The Supreme Court on Thursday ruled that a programer not guilty of lese majeste related to Facebook posts.
The Supreme Court ruled to affirm the decisions of the Court of First Instance and the Appeal Court, to acquit Surapak P. on charges of creating a lèse majesté Facebook page, parodying the oath of succession of the monarch.
In March 2014, the Appeal Court handed down the decision, saying that the evidence was not strong enough.
Surapak P., a programmer, was charged under Article 112, the lèse majesté law, and Article 14 of the Computer-related Crime Act 2007, for importing illegal messages into a computer system. He was accused of posting five lese majeste posts in total.
In 2011, a group of royalist Internet users tipped off police that they suspected Surapak was the owner of an email, firstname.lastname@example.org
. When this address was googled, one of the search results was a Facebook page named “I shall reign with XXXX.”
It is not clear how the group and the police found the connection other than by googling.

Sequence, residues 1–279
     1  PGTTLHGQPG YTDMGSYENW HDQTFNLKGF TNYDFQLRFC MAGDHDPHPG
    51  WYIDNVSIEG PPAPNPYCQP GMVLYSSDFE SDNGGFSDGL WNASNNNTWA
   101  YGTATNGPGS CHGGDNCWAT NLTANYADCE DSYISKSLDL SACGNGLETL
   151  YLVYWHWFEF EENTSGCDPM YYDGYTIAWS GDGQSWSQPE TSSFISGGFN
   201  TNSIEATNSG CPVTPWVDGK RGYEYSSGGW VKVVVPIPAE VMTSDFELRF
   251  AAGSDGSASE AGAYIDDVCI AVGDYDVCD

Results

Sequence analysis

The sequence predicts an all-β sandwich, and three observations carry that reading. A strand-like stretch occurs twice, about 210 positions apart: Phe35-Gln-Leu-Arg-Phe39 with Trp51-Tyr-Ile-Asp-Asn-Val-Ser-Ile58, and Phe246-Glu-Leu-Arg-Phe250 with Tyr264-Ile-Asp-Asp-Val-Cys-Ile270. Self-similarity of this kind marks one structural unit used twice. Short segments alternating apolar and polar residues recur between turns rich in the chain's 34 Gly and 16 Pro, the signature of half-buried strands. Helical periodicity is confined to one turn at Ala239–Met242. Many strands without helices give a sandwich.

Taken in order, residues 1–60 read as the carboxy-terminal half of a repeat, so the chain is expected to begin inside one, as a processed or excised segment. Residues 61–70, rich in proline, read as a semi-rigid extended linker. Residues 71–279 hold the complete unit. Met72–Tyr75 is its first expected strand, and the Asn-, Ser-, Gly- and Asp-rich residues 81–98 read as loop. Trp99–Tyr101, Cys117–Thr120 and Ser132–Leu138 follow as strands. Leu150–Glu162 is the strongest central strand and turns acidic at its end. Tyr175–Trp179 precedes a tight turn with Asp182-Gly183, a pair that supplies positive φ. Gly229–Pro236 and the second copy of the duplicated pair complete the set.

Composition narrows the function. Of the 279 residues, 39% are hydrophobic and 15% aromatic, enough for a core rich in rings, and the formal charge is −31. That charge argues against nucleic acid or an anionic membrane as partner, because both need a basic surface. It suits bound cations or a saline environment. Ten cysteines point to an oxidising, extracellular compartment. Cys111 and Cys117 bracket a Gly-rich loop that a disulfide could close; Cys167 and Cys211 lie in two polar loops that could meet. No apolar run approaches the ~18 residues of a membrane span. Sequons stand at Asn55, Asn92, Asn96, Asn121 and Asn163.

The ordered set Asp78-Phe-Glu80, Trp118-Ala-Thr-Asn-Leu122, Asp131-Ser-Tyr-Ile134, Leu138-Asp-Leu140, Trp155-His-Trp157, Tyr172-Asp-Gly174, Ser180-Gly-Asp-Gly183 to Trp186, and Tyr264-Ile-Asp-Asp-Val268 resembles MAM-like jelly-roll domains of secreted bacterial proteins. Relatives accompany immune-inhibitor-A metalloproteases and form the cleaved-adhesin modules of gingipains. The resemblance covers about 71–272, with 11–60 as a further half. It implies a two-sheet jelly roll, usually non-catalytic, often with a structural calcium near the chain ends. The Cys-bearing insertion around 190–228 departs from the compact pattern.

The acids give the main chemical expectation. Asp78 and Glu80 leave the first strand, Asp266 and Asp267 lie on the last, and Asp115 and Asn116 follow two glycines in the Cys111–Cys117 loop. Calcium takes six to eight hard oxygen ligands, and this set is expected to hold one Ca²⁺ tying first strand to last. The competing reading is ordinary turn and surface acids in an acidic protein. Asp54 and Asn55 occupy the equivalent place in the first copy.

The phrase parodies the royal oath of succession, "I shall reign with righteousness for the benefit and happiness of the Siamese people." The word “coup” is inserted into the phrase as a parody.
Surapak was arrested in September 2011. On the day of the arrest, the police confiscated a notebook computer and several other computer devices.
He was repeatedly denied bail until the Court of First Instance read the verdict.
Surapak’s lawyer, Thitipong Srisaen, successfully proved to the court that the prime evidence, the defendant’s computer, was contaminated when in the care of the police. Thus, the evidence against him was not sound.
The Court of First Instance ruled in October 2012 that the trace of the dorkao email in the computer was created after the computer was confiscated. The computer had been turned on after the confiscation. The evidence, therefore, was not reliable.
Surapak was released after the Court of First Instance acquitted him. He was in prison for about one year and one month.